“and to be praised of ages yet to be.”
“Then do thy office Muse; I teach thee how.”
Could the poet have traded his talent for his love now?

He speaks again of a man he has loved for three years.
The false lady has now gone complete with his sneers.
The love addict has got a new fixation –
somebody else to suit the situation.
He admits that his heart has – “another youth,”
and perhaps he has overlooked the truth.
He feels that he has made himself foolish.
When will this saga ever finish?
He has “sold cheap what is most dear,”
Is this his work – it is not clear?

Will the addict’s latest fix satisfy his needs?
Who is – “the guilty goddess of my harmful deeds?”
Could she be a reference to Margery, his mother,
who married soon after his father’s death, to another?
A friend’s pity will cure his regrets,
but what about any public threats?
He talks of “vulgar scandal” in the air.
“In so profound abysm I throw all care.”
He hopes his love stands by him as love grows.
He must always be uncertain whether it’s a pose.
Sonnet 116 gives those most famous lines –
“Love is not love – which alters when it alteration finds.”
But for him it all begins to fall apart again
when he doubts the constancy and virtue – in pain.
He recognizes that love can be sick, ill, or diseased,
and you no longer feel exhilarated, but teased.
He becomes bitter about “ruined love”, “maddening fever.”
He has regrets that this relationship will sever.
He describes how an abandoned love will feel.
“Unless my nerves were brass or hammered steel.”
To show how distraught he has become,
he talks of “trespass” and “ransome.”
He doesn’t care what others think of him,
his situation has become quite grim.
Sonnet 124 has phrases that should be heard –
“child of state, smiling pomp, Fortune’s bastard.”
Also, “hugely politic” and “the fools of Time.”
Some good descriptions within his lines.

Sonnet 125 says, “I bore the canopy” –
that is a very exclusive company.
And the phrase – “obsequious in thy heart” –
gives low marks on the genuine chart.
And this “suborned informer” – corrupted,
truth destroyed by a witness thus bribed.

He has a black beauty mistress with raven-black eyes.
Will she replace the “lovely boy” as his main prize?
But too soon it disintegrates as well,
“To shun the heaven that leads men to this hell.”
He becomes manic-depressive in his praise.
She is like a precious jewel in many ways;
and yet her face would not make “love groan.”
At the end of this sonnet, he surely puts her down.
“In nothing art thou black save in thy deeds,
And thence this slander as I think proceeds.”
In the next sonnet’s last two lines,
he redeems her appearance as – fine.
“Then I will swear beauty herself is black,
And all they foul that thy complexion lack.”
Then a schizophrenic scene on three levels,
a threesome playing love’s rebels.
His lover and mistress a strange cuckold,
as he says, “A torment thrice threefold.”
“So now I have confessed that he is thine.”
There are now three poor planets trine.
Caught up in this split personality
is not where he wanted to be.
“Him have I lost; thou hast both him and me,”
in this upsetting trilogy.

Then there is a play in words of – “Will.”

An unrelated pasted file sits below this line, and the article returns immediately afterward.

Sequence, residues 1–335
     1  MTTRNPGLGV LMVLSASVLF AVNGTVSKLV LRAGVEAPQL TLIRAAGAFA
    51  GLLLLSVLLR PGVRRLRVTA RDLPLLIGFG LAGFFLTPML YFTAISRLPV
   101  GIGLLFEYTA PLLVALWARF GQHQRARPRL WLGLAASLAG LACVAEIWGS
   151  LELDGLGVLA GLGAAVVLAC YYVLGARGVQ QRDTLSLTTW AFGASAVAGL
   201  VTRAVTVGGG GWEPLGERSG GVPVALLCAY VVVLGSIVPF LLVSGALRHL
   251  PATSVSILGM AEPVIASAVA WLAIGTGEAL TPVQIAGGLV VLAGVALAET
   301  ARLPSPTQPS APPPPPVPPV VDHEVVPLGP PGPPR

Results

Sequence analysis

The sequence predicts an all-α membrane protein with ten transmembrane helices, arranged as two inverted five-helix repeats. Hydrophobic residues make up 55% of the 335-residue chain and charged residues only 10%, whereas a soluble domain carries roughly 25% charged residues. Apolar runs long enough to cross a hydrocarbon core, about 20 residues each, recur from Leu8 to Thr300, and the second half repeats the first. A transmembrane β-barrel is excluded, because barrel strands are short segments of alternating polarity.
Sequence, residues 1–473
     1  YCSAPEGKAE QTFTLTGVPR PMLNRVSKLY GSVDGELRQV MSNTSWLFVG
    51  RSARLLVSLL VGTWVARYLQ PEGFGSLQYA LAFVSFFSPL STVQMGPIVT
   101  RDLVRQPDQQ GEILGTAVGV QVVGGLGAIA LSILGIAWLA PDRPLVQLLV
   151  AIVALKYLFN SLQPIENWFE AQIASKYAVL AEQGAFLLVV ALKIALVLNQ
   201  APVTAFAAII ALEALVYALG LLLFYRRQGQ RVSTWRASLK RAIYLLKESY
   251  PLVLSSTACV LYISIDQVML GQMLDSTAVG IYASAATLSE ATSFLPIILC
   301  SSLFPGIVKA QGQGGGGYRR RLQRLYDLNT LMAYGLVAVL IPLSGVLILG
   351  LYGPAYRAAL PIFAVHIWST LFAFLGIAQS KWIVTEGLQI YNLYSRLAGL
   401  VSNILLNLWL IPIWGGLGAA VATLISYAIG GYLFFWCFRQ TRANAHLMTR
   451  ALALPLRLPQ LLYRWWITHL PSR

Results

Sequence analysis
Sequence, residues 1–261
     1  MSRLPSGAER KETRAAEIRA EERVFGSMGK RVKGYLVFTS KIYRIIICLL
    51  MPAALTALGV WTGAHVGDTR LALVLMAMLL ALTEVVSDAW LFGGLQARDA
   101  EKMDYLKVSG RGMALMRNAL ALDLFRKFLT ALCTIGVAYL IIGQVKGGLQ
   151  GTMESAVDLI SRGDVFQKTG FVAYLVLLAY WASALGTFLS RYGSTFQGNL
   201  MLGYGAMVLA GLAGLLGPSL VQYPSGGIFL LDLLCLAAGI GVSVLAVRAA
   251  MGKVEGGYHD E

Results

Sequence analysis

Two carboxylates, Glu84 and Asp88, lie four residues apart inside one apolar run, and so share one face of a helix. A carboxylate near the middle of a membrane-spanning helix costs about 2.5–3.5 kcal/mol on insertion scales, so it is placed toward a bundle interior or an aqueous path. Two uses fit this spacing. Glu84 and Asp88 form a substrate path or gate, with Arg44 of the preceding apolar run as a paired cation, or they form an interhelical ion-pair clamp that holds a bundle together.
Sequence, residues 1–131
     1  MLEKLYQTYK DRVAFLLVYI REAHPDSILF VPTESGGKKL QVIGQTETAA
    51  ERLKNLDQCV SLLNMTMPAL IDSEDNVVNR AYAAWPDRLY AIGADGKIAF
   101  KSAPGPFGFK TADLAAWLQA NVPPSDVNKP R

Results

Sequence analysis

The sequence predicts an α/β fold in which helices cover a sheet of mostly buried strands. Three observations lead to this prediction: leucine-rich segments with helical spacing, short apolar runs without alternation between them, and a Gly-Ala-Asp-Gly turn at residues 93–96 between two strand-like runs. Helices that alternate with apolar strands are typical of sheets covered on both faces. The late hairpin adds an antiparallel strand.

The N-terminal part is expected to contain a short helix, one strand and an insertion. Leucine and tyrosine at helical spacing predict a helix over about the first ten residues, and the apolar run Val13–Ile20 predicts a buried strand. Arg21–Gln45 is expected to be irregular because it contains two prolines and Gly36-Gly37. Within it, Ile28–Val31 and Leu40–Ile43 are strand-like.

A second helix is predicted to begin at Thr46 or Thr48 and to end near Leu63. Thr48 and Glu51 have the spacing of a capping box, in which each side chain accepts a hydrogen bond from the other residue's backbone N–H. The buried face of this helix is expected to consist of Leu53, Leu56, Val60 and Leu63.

Puns and hidden meanings to instill.
“Whoever hath her wish, thou hast thy Will.”
Is a reference to WS possible?
He uses the word – will – twelve times.
And then he uses it seven more times.
The use of the word has become obsessive.
No mention at all of the word – forgive.
“Will will fulfil the treasury of thy love.”
No word of wanting him or her to remove.
A comment that would taste like a bitter pill –
“And then thou lov’st me for my name is Will.”
Edward was nicknamed “Willy” by his friends,
or “Will” if you removed the – y – where it ends.

A comment on the old saying of – love is blind.
Our poet has that sentiment on his mind.
“Thou blind fool Love, what dost thou to mine eyes.”
As if to look and see at some disguise.

He knows that his lady love lies.
Maybe he should her chastise.
He indulges in the word play on – lies.
It is hard not to sympathize.
“Therefore I lie with her and she with me,
and in our faults by lies we flattered be.”
In this situation is no sincerity.
He feels so wounded by this same lady.
It is the negative side of love we see.
“Kill me outright with looks, and rid my pain.”
He has probably felt her disdain.
He pleads – “Be wise as thou art cruel.”
As if wisdom resurrects the fool.
He sees his world disintegrate
as he speaks of love, sin and hate.
He describes a mother, who, her baby leaves,
after some distraction she then retrieves.
“So I will pray that thou mayst have thy Will,
if thou turn back and my loud crying still.”
There’s that ‘Will’ – again – could it be WS?
It is for him to know, and for us to guess.
“Two loves I have, of comfort and despair.
The better angel is a man right fair.
The worser spirit a woman coloured ill.”
He prefers the man and loves him still.
“For I have sworn thee fair and thought thee bright,
who art as black as hell, as dark as night.”

I wonder why he does not give up on both instead
of torturing himself inside his poor head.
“Where is my judgment fled?”
Is the addict only cured when dead?
He is eaten up again by betrayal and cheating,
he will either learn from mistakes or continue bleating.
In the final verse he invokes Cupid!
Which I think a poor end, and rather stupid!
Yes, I can say, with thoughts sincere,
that we are – eVer yours – de Vere.